The World of Sports: The Climate World Cup

The 27th session of the United Nations Climate Change Conference (COP27) began earlier this month in Sharm el-Sheikh, Egypt, with a focus on helping developing countries build infrastructure climate friendly. Across the Arabian Peninsula, the 2022 FIFA World Cup kicks off early Sunday morning in Qatar with 32 nations battling it out in the most popular sport on the world’s biggest stage.

Sadly, voices in both countries are being silenced as a result of these global gatherings.

Only 32 teams can qualify for football’s biggest national competition, which takes place only once every four years, but all United Nations member states can take part in the two-week conference with the aim of help “the countries that have contributed least to the problem”. [but] suffer the most,” according to Melbourne Climate Futures director Jacqueline Peel.

The problem is that some of these same countries, as well as non-governmental organizations whose advocacy has been vital in raising global awareness of environmental issues affecting developing countries, will not be present. Not because they don’t want to, but because they can’t afford housing.

A few weeks before the conference, some potential attendees saw their hotel reservations increase to prices up to 400% higher than the initial cost. NGOs and least-developed country groups will be squeezed out of this conference, which was partly about getting climate aid to the countries that need it most, with some countries in Africa experiencing their worst food crises in the past 40 years.

Additionally, organizers who can afford to travel to Sharm el-Sheikh may find it difficult to protest the issues the conference is expected to address. A nearly decade-old campaign against Egypt’s dependence on coal has been crushed by a government led by Abdel Fattah al-Sisi that has persecuted critics, journalists and human rights activists.

Egypt, meanwhile, accounts for about a third of Africa’s methane emissions and is doing little to shift away from its reliance on fossil fuels.

While the United Nations Framework Convention on Climate Change gives Egypt a chance to ‘whitewash’ itself in the public eye, the FIFA World Cup is an attempt by Qatar to ‘whitewash’ its own questionable record in matters of human rights.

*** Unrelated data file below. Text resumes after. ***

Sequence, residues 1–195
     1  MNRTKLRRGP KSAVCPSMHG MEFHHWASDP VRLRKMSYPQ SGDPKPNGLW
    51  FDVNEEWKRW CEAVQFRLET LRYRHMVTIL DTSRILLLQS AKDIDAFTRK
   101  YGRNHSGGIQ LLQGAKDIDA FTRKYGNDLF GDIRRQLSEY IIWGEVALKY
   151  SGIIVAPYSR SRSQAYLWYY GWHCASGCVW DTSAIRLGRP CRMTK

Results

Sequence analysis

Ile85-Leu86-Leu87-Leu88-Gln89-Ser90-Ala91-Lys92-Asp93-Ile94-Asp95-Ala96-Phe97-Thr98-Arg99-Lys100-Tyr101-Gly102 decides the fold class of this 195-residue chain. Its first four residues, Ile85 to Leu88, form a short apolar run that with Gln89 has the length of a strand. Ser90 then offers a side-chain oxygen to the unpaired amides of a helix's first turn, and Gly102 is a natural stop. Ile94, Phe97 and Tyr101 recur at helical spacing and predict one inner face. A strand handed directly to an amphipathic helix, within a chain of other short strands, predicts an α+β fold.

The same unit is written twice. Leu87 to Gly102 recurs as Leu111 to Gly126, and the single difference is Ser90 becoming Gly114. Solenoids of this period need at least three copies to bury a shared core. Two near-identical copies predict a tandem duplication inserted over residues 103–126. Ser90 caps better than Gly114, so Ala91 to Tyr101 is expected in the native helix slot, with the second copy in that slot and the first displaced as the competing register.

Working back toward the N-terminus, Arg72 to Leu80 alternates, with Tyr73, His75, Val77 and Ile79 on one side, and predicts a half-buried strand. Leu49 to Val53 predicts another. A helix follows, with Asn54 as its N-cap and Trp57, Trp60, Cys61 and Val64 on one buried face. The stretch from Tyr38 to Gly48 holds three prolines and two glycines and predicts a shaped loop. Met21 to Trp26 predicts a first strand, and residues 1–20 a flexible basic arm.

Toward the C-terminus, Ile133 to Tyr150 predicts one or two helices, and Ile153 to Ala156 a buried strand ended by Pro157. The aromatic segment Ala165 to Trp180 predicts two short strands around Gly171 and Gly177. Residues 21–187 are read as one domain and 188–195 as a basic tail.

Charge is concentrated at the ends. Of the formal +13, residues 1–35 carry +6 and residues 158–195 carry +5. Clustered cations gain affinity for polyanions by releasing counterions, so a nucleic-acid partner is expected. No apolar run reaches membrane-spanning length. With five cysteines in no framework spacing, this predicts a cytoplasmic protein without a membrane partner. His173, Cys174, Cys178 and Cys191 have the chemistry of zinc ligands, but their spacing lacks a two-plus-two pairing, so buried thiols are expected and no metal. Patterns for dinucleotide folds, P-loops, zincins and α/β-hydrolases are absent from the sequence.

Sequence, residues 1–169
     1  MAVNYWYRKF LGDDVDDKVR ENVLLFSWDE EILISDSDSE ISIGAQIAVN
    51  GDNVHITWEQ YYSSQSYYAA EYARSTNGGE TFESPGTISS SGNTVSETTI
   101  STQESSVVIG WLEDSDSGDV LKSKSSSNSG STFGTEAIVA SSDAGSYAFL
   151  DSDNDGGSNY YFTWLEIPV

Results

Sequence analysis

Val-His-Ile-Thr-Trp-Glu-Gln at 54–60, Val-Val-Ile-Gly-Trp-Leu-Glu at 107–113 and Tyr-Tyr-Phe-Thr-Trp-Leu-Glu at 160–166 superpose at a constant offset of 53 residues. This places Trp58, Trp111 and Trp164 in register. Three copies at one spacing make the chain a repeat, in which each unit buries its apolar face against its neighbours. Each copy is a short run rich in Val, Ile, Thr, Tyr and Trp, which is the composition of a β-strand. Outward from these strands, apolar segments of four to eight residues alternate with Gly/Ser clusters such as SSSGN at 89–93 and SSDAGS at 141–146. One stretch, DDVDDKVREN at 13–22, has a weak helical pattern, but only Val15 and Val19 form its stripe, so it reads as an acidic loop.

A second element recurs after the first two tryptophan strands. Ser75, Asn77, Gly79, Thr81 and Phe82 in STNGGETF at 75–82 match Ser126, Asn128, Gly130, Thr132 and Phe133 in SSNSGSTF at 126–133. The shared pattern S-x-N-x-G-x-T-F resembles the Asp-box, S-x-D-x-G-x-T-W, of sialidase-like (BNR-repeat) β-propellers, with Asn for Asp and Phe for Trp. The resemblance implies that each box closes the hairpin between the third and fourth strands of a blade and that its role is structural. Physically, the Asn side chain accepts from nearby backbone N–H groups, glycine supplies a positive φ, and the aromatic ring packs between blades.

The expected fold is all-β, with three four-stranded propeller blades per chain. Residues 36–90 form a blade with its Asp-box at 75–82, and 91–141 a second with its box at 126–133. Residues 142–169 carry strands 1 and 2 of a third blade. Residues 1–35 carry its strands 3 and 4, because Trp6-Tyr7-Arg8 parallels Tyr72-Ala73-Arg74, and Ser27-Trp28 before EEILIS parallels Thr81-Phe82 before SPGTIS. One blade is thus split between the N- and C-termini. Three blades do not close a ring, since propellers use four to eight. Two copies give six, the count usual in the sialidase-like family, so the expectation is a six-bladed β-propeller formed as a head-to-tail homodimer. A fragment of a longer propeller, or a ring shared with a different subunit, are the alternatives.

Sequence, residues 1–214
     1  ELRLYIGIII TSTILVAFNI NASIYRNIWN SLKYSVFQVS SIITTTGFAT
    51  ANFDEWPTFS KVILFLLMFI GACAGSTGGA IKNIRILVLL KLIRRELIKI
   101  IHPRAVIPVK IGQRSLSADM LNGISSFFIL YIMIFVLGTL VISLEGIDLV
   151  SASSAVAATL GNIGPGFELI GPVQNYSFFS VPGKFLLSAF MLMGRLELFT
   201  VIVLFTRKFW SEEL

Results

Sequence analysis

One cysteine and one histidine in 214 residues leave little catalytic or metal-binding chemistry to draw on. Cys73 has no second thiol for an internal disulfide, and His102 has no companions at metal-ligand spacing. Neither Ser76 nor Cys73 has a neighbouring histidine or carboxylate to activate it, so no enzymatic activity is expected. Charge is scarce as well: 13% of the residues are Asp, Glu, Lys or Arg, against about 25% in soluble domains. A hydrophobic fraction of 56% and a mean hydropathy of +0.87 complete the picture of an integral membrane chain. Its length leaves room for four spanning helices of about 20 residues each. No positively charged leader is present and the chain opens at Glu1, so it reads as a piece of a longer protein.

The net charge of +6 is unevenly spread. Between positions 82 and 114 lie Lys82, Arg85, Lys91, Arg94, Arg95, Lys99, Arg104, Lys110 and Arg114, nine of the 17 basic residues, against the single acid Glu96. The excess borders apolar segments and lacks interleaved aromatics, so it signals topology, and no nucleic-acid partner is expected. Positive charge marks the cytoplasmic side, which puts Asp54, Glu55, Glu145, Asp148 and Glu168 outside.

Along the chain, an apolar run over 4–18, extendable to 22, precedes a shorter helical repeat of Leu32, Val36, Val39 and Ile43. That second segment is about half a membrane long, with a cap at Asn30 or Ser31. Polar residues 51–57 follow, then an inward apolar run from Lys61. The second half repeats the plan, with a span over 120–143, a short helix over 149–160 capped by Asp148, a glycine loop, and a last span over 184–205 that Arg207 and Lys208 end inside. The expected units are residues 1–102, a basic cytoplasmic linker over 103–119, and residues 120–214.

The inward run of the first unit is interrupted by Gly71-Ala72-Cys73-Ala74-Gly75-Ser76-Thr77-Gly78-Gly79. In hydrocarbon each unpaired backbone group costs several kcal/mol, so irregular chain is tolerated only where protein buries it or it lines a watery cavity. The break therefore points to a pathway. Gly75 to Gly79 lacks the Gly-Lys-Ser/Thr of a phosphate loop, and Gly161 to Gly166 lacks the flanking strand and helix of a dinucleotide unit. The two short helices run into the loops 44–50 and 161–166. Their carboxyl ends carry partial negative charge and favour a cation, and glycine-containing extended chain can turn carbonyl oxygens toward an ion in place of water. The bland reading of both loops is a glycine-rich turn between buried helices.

Qatar, which is accused by the US Department of Justice of bribing FIFA officials for the chance to host the World Cup, has built eight beautiful high-tech stadiums that will comfortably accommodate thousands of fans with air conditioning to keep out the desert heat. Behind the alluring stadiums that any sports fan would be lucky enough to enter are thousands of trafficked migrant workers who build the stadiums in horrific and dangerous conditions.

Between 14-hour workdays without proper rest time or acceptable food provisions, many workers are being exploited – with some noting that up to two-thirds of their wages had simply disappeared. Since many of the workers hail from different countries and worked for companies owned by Qatar’s ruling family, they were afraid to speak out against their harsh working conditions.

“We have been covered up by this big company owned by the royal family, although FIFA has these standards,” Anish Adhikari, a migrant worker from Nepal, said in an interview with Rolling Stone. “I felt very intimidated at all times – and if I acted I would be sent home. I was so scared.”

Most of Qatar’s economy comes from the oil-rich lands on which the country sits. Earlier this year, President Joe Biden declared Qatar a major non-NATO ally, aligning himself with the Biden administration’s efforts to ensure European nations have access to oil at the height of the crisis. war in Ukraine.

In recent years, Qatar has made more efforts to establish itself as a tourist destination, including hosting high-level sporting events. Due to human rights abuses in Qatar, tourists should be wary of where their money goes, as it is definitely not going into the pockets of the workers behind the epic stadiums and arenas.

As COP27 draws to a close and the FIFA World Cup begins, it’s easy to get lost in the austere present when countries around the world come together to plan against what should be a common and unifying enemy in climate change or to celebrate a loved one around the world. sport. But in both countries, with both events, it’s important to consider those whose voices go unheard – and who is silencing them.

Patrick Warren is the sports editor and a senior writer on the relationship between sport and climate change. His column “Le Monde du Sport” is broadcast every other Wednesday.

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